Published: 27th April 2020
Paro Anand's five steps to write for children effectively
Ever thought of writing for children? With the help of author Paro Anand, who has written several notable books for children of all ages, make the most of this lockdown and learn this style properly
Writing for children is no child's play. Ask Paro Anand, the definitive voice of the genre. But now, thanks to the recipient of the Sahitya Akademi's Bal Sahitya Puraskar (2017) and the former head of the National Centre for Children's Literature and other writers, the road is less bumpy. "When I started, I had to beg schools for permission to read to students, I used to feel like a clown coming in. But today, I get so many requests from schools and organisations," she shares with humility. So, if you have taken to the pen and decided to charm children with your words, especially during the lockdown, here's what Anand thinks you should have or be aware of.
1. Work for respect
"I still remember when No Guns at My Son's Funeral was published, someone told me, 'Finally, you've written a real book'," shares the author and adds, "There is an unnecessary lack of respect for children's writing." So, be prepared for the slight jabs but remember that we need to earn our own respect in every field.
2. Definitely, maybe
Anand mulls over the possibility that because children's writing is largely a women-dominated genre, maybe that's why it is more of a struggle? "Also, is it because women, in general, are more close to children that we are able to write for children too?" she wonders
3. Be a braveheart
"When I wrote about a Muslim boy kissing a Hindu girl in Like Smoke, it was banned. But when I wrote about a child killing people in No Gun's at My Son's Funeral, it was accepted," she shares and laughs. She has written about some difficult and taboo topics with bravery and you will need to be brave too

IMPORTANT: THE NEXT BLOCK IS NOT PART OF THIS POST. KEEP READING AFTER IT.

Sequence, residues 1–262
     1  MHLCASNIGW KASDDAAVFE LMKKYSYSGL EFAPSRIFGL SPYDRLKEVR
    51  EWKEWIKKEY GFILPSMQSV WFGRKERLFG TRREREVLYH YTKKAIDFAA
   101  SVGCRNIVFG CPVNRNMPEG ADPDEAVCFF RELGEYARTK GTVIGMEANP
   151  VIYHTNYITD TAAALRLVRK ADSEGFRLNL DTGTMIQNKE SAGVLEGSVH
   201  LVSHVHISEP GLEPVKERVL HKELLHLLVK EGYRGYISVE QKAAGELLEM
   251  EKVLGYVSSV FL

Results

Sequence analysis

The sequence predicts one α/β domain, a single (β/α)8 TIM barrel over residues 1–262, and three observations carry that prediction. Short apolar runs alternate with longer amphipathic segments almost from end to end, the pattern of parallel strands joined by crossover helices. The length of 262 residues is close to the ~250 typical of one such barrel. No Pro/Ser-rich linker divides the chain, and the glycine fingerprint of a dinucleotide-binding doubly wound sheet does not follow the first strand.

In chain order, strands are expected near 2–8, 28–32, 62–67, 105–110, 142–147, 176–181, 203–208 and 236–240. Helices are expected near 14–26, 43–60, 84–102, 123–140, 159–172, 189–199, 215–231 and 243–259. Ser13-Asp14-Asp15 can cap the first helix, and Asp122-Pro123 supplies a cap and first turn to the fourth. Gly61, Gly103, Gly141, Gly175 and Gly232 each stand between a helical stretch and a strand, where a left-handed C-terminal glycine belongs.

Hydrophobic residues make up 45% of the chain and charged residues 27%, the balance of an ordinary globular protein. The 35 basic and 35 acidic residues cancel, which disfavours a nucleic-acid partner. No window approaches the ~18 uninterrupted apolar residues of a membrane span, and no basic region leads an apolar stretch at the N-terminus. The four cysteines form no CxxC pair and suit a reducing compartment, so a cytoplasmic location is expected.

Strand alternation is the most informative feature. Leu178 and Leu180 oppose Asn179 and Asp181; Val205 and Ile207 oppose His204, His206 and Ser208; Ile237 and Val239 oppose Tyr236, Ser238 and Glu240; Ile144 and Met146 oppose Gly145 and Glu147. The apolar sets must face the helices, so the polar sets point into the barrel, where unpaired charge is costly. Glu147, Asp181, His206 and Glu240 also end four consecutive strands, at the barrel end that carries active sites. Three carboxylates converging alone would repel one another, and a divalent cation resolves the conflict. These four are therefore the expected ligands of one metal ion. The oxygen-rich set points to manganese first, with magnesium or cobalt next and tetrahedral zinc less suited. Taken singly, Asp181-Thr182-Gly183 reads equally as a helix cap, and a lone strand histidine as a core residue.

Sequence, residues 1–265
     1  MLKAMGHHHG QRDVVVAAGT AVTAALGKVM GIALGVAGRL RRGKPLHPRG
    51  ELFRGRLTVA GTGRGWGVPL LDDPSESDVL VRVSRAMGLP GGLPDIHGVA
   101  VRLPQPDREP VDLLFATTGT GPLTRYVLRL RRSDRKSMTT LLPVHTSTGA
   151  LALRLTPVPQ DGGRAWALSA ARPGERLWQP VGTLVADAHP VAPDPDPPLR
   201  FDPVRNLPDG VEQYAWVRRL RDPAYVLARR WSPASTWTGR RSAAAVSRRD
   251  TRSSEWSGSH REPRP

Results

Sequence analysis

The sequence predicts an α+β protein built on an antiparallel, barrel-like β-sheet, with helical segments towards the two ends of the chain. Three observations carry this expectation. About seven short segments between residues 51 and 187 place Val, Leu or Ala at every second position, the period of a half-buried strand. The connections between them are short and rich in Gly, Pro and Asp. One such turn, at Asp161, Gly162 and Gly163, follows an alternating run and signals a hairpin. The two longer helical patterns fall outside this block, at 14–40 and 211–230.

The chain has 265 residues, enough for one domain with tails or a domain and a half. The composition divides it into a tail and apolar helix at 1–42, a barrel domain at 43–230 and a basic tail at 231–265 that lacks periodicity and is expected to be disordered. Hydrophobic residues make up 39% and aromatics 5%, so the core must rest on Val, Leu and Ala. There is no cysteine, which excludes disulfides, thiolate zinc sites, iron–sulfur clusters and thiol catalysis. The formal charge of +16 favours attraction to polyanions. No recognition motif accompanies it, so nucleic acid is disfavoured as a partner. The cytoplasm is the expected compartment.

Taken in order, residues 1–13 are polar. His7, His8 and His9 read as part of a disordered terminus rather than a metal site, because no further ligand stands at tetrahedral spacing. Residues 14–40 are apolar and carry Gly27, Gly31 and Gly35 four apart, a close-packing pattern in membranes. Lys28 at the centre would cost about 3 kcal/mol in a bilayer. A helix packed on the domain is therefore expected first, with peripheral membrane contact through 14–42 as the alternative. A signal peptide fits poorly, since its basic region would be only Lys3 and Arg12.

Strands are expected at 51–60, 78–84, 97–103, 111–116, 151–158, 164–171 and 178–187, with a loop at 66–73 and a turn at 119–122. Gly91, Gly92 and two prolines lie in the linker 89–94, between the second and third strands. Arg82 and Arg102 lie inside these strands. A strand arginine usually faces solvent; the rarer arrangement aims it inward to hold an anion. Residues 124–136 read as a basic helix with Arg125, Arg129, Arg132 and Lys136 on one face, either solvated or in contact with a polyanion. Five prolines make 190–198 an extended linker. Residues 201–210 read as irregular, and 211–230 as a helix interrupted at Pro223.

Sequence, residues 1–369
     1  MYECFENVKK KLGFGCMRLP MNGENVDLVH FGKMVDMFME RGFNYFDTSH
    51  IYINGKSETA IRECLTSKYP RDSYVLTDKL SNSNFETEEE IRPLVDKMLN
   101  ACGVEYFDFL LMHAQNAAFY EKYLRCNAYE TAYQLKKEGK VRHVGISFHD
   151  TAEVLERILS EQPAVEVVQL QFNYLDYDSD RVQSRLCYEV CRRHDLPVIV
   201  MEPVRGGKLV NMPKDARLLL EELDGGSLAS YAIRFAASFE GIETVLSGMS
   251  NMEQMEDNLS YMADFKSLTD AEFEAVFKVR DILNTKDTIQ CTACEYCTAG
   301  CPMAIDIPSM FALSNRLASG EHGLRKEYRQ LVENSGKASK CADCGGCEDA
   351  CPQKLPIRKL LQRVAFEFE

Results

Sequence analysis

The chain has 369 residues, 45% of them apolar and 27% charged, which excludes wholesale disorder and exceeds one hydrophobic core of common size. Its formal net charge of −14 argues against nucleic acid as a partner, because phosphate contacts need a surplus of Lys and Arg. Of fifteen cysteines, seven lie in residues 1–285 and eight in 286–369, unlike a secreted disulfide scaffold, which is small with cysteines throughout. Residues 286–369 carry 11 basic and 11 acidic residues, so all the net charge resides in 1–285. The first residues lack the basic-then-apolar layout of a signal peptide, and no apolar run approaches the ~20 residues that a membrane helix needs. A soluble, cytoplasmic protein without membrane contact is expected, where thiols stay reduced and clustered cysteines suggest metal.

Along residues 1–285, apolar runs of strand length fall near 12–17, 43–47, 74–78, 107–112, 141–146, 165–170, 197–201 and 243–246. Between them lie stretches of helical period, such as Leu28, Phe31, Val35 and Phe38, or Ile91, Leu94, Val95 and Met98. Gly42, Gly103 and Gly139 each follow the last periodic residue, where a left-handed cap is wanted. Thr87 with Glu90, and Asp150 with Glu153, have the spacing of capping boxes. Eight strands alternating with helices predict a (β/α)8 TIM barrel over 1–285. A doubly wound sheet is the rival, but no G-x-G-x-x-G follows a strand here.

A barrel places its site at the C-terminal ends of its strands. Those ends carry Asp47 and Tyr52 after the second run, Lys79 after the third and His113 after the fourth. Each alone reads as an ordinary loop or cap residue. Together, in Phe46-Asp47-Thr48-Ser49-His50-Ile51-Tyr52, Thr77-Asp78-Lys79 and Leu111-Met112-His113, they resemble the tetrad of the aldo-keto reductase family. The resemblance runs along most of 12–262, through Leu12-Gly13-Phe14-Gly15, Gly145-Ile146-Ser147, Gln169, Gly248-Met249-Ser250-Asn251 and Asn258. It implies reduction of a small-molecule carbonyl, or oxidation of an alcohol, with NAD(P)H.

4. Honesty, best policy
"Don't think about writing for a six-year-old or writing for a 12-year-old, write the story that you want to write," she asserts. Most importantly, she says that one has to be authentic, honest and truthful, get the voice right. "And please, don't try to be cute or slangs that you think are 'cool'," she points out
5. What about the gatekeepers?
"Should parents have the right to decide what their children should or should not read? Absolutely. But they need to reconsider what exactly they need to 'ban'," she says. Because young children hardly have any objections
Cover of her latest book | (Pic: Duckbill)
On the shelf
Her latest book, A Quiet Girl, might be about a girl and her relationship with Takbak the horse, but it's really about being different and being happy with it anyway, "A theme that is very close to my heart," she says
Paro Anand | (Pic: Paro Anand)
Better take her word for it
Author Paro Anand has never believed in writing books that require children to reach for the dictionary all the time, yet she doesn't dumb down anything for them either. "If a word belongs there, it belongs there, but I make sure the context gives it meaning. Even if it is a Hindi or an Urdu word, I would rather give the context than translate," says Anand, who has won several awards including one from former president Dr Abdul Kalam, and adds, "I write words that I would like children to use." But what about the story? "For me, the story always leads the way, I am more or less a vehicle for it," she says, as she lovingly feeds her catfish at home.
"If you want to write, you need to read," is the eternal advice that Anand gives anyone who wants to write. She also cautions everyone against aping styles that don't come naturally. Like Harry Potter. "Every one wants to write like that but very few are successful and come across as incompetent knockoffs because they are not original nor rooted," she reminds us. She leaves us with one last tip, "It's tough but don't intellectualise what you want to write, just write it."
A glimpse from To Kill A Mockingbird | (Pic: Internet)
Her favourite movies, that are also books, which inspire to write are:
- To Kill A Mockingbird: Yes, it is old-fashioned, she admits, but there is no doubt about the fact that it is a classic
- One Flew Over the Cuckoo's Nest: This Jack Nicholson starrer won the Academy Award for Best Picture and many other oscars
- Jungle Book - "Reading Rudyard Kipling can be a little difficult, but watching it is fun," she says
The book Flyaway Boy | (Pic: Puffin)
Anand feels that there are many books that inspire one to write:
- Flyaway Boy: Written by Jane De Suza, this book is for all those children who are struggling to be different
- The Good Indian Child's Guide to Eating Mangoes: This book by Natasha Sharma is hilarious and a wonderful read, she says
- You Don't Know Everything, Jilly P!: Written by Alex Gino, it helps you understand that life works in different ways for different people